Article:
Will Obama Surrender Control of Internet?

Could the Obama administration cede oversight of the U.S. Internet to an amorphous global cabal?

By Victor Thorn —

Could political officials from countries without the First Amendment like China, Nigeria, France or Israel decide what information can be published on the Internet by United States citizens? Will UN bureaucrats be capable of imposing global Internet taxes on American companies while at the same time censoring anything internationalists deem to be in poor taste? All of these scenarios may become actualities next year if the Obama administration’s plans to relinquish control of the World Wide Web come to fruition.

As it currently stands, a nonprofit Los Angeles-based firm named the Internet Corporation for Assigned Names and Numbers (ICANN) works in conjunction with the Department of Commerce to assign Internet Protocol (IP) addresses and domain names, kind of like virtual parking spaces where people can place their content.

To illustrate the importance of this situation, if an organization such as this newspaper were not able to secure an IP address, they would be hindered in their ability to publish material on the Internet. Yet under pressure from internationalists like the European Commission, Assistant Secretary for Communications and Information at the Department of Commerce Lawrence E. Strickling and ICANN CEO Fadi Chehade want to let lapse American control of this invaluable asset.

Ominously, “Holocaust” denial laws currently bar individuals in many European countries from selling, publishing or even questioning whether six million Jews died during WWII. If countries that do not value the First Amendment were influential in defining who can publish Internet content, it’s conceivable that news outlets investigating the September 11 attacks, Anti-Defamation League criminality, the OKC bombing, Benghazi or the “Holocaust,” for example, may be censored by being prevented from purchasing IP addresses.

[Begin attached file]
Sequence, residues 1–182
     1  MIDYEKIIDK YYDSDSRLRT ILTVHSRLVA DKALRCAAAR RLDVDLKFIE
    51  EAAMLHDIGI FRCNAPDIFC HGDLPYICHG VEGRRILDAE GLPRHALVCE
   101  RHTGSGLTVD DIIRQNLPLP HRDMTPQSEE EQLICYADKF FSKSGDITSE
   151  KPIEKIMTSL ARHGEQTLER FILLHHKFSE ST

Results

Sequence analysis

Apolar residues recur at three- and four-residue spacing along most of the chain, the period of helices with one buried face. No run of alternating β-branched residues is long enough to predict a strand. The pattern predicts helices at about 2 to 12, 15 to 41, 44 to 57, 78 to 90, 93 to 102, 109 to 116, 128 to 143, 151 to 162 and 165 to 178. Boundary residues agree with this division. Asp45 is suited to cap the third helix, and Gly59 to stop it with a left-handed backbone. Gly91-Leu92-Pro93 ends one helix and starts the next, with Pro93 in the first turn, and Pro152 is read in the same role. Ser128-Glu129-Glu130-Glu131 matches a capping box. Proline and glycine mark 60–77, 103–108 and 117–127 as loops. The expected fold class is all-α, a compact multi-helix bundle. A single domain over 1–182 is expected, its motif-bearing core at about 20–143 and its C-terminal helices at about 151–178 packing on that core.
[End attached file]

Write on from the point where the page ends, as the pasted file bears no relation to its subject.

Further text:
On the surface, proponents of this shift cite red herrings like protecting children or eliminating pornography. Their real motive, though, unabashedly involves censoring topics that groups like the Southern Poverty Law Center (SPLC) have long tried to quash.


During a March 19 interview with this reporter, Robert Romano, a senior editor with the group Americans for Limited Government, voiced his alarm.

“Right now, under Commerce Department control, Americans still enjoy First Amendment protection when it comes to the Internet,” he said. “If censorship did occur, they could take their fight to federal court. But if the Obama administration cedes this right to an amorphous international body that engages in censorship, how do Americans fight back? They can’t. Where would they go, to the United Nations?”

Romano added some more details. “In April, the people behind this takeover of ICANN are meeting in Sao Paulo, Brazil. Although their motives are highly dubious and ill-defined, those promoting global Internet governance want to establish a panel consisting of 12 members from foreign governments, two from the UN and only three from the private sector. There would also be various representatives from academia.”


When asked why team Obama would agree to such a deal, Romano said: “It’s like giving away a virtual Panama Canal, especially when we get nothing in return. The Brazilian conferees offer no First Amendment protections. In terms of the billions in new fees, who will collect the money? It sounds like the beginning of a backdoor global Internet tax.”

Jacquie Kubin, president of Communities Digital News, also raised concerns during a March 19 interview.

“Once control leaves the U.S.,” Ms. Kubin stressed, “it will be impossible to get it back. It makes no sense that the U.S. would give up control of any aspect of how Americans do business online.”

Turning her attention to what’s in the so-called best interest of the global Internet community, Ms. Kubin stated, “It’s not so much what they would do that worries me, but what they could do.”

Victor Thorn

Victor Thorn was a hard-hitting researcher, journalist and author of over 50 books.